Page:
Under the provisions of Standing Order 78(3), I give notice that a minister of the crown will propose at the next sitting a motion to allot a specific number of days or hours for the consideration and disposal of proceedings at the said stages of the aforementioned bill.

Business of the HouseGovernment Orders

1:30 p.m.

Waterloo Ontario


Bardish Chagger LiberalLeader of the Government in the House of Commons and Minister of Small Business and Tourism

Mr. Speaker, I would like to inform the House that Thursday, June 8, shall be an allotted day.

Firearms ActPrivate Members' Business

1:30 p.m.


Bob Zimmer Conservative Prince George—Peace River—Northern Rockies, BC

moved that Bill C-346, An Act to amend the Firearms Act (licences), be read the second time and referred to a committee.

Mr. Speaker, it is my honour today to speak to my private member's bill, Bill C-346, an act to amend the Firearms Act on licences. I am going to go over some of the basics of it, and then I will talk about it more at length.

The aim of the bill is to ensure that no law-abiding firearms owner is criminalized for an administrative issue. The proposed changes reflect the success of the RCMP continuous eligibility system, which verifies the validity and conditions of licence requirements every day. The bill also proposes to create an avenue for individuals to voluntarily relinquish their licences.

I will speak to some key points about what this legislation would do, and also speak to some myths out there with people who are not sure what the bill would or would not do.

The bill would amend the Firearms Act to eliminate the expiry of firearms licences, with a mandatory provision that the licence holder update his or her relevant information every 10 years.

I have been talking with other parties in the House, and I am open to amendments, as long as they would not extremely affect my bill. I have been in conversations already about that, and I will discuss them more as they come to me.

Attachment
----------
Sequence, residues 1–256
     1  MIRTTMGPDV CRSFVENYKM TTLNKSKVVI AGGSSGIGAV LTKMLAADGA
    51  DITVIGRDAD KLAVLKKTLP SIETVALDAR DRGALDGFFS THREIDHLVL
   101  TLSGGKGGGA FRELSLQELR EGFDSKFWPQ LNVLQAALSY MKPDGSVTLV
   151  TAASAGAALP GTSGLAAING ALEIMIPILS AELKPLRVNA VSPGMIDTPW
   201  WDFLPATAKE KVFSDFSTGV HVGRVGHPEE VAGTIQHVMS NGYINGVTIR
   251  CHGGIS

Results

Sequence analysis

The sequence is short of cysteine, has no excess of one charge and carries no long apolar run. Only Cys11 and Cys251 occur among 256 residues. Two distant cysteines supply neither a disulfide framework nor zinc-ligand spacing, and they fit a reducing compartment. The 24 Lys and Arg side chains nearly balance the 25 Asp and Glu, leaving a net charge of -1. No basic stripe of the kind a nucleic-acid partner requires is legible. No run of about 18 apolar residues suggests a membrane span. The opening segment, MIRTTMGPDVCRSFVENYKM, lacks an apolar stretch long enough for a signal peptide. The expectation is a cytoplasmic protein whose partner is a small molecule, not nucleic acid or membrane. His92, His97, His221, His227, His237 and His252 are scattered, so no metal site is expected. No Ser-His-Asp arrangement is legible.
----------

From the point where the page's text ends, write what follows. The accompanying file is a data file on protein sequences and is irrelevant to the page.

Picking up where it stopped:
An individual whose licence has not been updated will not be able to purchase a firearm or ammunition. If an individual fails to update his or her information, the licence will be suspended. The suspension is subsequently cancelled as soon as the holder provides the necessary basic information. No licence may be revoked simply because it is suspended.

The last provision of the bill, the relinquishment section, would allow an individual who no longer desires to possess a firearms licence to voluntarily relinquish the licence to a chief firearms officer with no negative consequences.

I have done some videos on Facebook and Twitter, and I use the character of Grandpa Joe. The desire is that Grandpa Joe not become a criminal simply because his licence expires. Many firearms owners in Canada have gone through the process of getting their licence. They have done their due diligence. They have gone through the process. They are safe, law-abiding firearms owners, yet simply because their licence expires, they can be charged with illegal possession of a firearm.

It could happen today. I have heard some interesting stories about people whose licence has expired, and literally have their door bashed down seven days after the expiry date because they are considered in illegal possession of their firearms. This is a dramatic event that can happen just because a licence expires. I am trying to get to the bottom of this. Poor Grandpa Joe who forgets to renew his licence becomes a criminal. That is the way our system looks at Grandpa Joe.

I often use the analogy of a vehicle owner. Most members in the House own a vehicle. I own a few—

Firearms ActPrivate Members' Business

1:35 p.m.


The Assistant Deputy Speaker Liberal Anthony Rota

I would like to interrupt for a moment. I am really interested in what the hon. member has to say, but there are voices rumbling in the background, which is making it very difficult. I am sure everybody is looking forward to the weekend and talking to each other, which is nice, but I would ask them to either whisper or do their talking in the lobby.